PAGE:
Our most recent blog posts have been focused on explaining key Service Design terminology. We covered touchpoints, the line of visibility, the process of a workshop and the value of creating a Service Design blueprint. Throughout each of these activities in a real-life Service Design project, we are helping ourselves to better understand your customers. Measuring the success of the project comes down to whether or not the quality of the customer’s experience has been improved. To do this we envision a scenario.
A scenario is a visual or textual map of events telling a relevant story about interacting with the service, from the perspective of a real customer.
Scenarios help to validate ideas and reveal any assumptions that have been made. Most importantly scenarios help place the customer’s behaviour at the forefront of the decision-making process.
No matter how straightforward a service is, there will be multiple user types and different contexts to cover. For example, even the most standard mobile banking app will be used differently from person to person, as part of the overall banking service. Using 2-3 scenarios will help to make your processes efficient enough to provide consistent, quality experiences.
Persona 1 may be an older businesswoman who wants to set personal budgeting goals and manage three business accounts. She also visits the bank once a week to transfer between accounts and receives monthly written statements. Persona 2 on the other hand, is a young student who wants to check his balance twice a week and view his statements online once or twice a year. He has no requirement for face-to-face interaction with banking staff.
Both customers will expect their bank to provide a cohesive online and offline customer experience. Let’s say we are analysing whether or not the redesign of the banking app we have suggested actually adds value to this experience. We will sketch or write out the end-to-end sequence of events telling us how they interact with the app, and other service touchpoints around it.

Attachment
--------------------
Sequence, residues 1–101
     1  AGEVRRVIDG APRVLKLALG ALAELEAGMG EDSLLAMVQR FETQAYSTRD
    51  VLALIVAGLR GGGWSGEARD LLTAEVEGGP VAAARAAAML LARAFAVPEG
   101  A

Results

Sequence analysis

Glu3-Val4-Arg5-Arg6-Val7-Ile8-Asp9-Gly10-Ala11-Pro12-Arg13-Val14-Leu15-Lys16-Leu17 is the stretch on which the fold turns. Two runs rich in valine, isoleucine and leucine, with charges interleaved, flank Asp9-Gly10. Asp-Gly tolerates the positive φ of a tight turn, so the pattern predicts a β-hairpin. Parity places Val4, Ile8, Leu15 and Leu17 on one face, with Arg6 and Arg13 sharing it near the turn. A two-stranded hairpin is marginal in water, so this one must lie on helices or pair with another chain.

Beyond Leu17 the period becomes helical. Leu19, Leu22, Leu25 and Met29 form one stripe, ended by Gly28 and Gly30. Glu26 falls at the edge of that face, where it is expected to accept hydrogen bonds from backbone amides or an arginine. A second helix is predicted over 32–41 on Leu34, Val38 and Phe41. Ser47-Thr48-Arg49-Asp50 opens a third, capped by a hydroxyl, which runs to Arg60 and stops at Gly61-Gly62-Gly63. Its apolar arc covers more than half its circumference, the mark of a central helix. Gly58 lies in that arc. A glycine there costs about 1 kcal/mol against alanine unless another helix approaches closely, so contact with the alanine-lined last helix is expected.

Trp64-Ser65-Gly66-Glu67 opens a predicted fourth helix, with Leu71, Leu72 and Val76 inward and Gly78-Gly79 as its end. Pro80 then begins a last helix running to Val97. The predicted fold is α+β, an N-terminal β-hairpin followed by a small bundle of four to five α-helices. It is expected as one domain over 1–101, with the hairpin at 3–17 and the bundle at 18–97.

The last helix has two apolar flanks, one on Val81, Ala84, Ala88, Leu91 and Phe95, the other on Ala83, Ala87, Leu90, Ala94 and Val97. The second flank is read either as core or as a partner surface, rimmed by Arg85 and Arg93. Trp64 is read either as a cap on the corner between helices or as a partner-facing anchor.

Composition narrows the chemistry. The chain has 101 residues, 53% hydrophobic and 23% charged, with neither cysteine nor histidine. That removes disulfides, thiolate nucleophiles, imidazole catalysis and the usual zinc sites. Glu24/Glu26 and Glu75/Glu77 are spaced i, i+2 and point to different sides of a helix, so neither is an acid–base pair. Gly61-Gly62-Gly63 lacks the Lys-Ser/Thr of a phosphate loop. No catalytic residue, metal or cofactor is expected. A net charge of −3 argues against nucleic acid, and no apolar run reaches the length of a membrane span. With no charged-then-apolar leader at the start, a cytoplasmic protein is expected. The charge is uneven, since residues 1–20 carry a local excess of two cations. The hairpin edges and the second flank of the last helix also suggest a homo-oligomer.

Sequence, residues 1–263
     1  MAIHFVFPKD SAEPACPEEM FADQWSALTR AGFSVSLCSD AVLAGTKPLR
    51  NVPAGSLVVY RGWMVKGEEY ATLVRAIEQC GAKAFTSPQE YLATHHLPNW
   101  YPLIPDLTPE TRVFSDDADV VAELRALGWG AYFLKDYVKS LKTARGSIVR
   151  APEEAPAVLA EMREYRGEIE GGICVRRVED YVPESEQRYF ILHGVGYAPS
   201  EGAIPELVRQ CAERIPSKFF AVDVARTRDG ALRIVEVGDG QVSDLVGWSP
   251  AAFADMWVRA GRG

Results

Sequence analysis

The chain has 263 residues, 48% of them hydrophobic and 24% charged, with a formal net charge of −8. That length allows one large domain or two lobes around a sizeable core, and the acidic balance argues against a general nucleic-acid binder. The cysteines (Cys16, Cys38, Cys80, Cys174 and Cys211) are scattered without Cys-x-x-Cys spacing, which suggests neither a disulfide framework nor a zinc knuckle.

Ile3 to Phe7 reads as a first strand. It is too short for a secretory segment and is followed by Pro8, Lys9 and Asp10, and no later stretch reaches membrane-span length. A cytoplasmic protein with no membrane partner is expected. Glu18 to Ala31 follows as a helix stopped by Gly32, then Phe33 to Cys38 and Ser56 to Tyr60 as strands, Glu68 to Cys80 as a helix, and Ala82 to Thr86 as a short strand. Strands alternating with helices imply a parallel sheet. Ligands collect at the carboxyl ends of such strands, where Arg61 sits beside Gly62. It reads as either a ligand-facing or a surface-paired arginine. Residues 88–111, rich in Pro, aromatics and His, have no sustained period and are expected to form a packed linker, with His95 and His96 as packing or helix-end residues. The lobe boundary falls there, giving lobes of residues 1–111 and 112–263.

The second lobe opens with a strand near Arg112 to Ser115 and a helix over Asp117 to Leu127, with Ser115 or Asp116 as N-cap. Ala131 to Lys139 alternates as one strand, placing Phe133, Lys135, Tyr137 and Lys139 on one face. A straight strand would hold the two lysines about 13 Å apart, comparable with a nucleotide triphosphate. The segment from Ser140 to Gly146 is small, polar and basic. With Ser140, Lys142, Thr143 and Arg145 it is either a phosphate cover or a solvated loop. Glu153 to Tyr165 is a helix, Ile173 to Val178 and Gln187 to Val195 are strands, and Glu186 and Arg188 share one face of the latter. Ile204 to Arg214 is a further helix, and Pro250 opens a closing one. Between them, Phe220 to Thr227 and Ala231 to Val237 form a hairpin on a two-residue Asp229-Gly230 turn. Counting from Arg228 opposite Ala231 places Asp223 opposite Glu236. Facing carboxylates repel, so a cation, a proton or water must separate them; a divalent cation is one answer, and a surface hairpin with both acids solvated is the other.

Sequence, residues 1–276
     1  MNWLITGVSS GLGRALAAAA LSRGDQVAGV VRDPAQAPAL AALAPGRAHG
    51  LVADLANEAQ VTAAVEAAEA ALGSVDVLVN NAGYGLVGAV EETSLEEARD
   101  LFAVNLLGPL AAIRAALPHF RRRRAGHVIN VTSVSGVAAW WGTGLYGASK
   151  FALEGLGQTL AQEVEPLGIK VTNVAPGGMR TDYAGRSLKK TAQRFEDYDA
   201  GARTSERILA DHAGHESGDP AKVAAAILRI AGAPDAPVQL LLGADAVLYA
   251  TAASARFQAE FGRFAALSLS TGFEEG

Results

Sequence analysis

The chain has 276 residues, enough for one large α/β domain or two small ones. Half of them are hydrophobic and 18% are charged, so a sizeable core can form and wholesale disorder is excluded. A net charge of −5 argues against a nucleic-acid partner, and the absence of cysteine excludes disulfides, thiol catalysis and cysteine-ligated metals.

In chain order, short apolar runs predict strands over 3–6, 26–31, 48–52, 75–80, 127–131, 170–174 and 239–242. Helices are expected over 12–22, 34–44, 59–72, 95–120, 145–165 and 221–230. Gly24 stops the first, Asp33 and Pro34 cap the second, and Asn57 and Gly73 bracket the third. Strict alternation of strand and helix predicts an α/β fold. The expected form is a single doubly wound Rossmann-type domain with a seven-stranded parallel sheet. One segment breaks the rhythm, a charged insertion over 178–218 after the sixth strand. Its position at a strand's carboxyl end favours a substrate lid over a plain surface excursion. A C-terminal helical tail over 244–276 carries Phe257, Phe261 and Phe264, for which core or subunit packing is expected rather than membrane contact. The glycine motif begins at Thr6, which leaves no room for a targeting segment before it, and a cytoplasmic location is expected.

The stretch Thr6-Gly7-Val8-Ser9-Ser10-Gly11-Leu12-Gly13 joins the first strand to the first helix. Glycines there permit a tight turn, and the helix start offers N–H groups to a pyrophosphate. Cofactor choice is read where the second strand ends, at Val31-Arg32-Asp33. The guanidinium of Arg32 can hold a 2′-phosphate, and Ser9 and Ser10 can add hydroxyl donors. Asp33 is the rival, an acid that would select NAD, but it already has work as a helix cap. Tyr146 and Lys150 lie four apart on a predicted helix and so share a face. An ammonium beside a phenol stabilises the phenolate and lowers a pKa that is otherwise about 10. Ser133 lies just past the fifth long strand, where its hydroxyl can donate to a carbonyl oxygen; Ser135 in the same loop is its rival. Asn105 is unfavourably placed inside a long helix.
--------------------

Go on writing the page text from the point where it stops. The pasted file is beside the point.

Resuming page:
From Persona 1’s scenario we will see she depends on banking staff to explain the app, which sets important expectations. If it is explained poorly, she will have a confusing experience and refuse to adopt it. Persona 2’s scenario will show he finds the app useful but will be frustrated by how many steps it takes him to check his balance. To suit the contexts of both customers, in-store staff will be consistently trained in how to explain the app and the ‘Check Balance’ button will be brought to the landing screen for Persona 2.
Evolving a scenario throughout a project lifetime helps to set realistic project goals and critically evaluate them. Persona 1 may have such a positive experience with the redesigned banking app for example, that she decides to do more banking online. This makes the process more efficient for the customer but also saves time for banking staff and reduces costs associated with paper statements.
By contrasting the final scenario with the first, we see the customer is saving up to 2.5 hours per week travelling to and from the bank and waiting in queues. Inevitably her experience is of a much higher quality than before.
By their very nature, Service Design projects are multidisciplinary. Marketing, sales and business professionals must collaborate, with different goals and contexts of their own. Scenarios help to create and maintain a shared understanding of the service and the customers’ experiences. This streamlines the collaborative process even when approaches, backgrounds and technical skills are different across teams. It also helps us to keep Service Design projects on schedule while making integrated, meaningful improvements to processes.
We will craft the scenarios you need to respond to your customers and inject some fresh ideas into your service strategy. Give us a call on (01) 478 8444 or email firstname.lastname@example.org to get started today.
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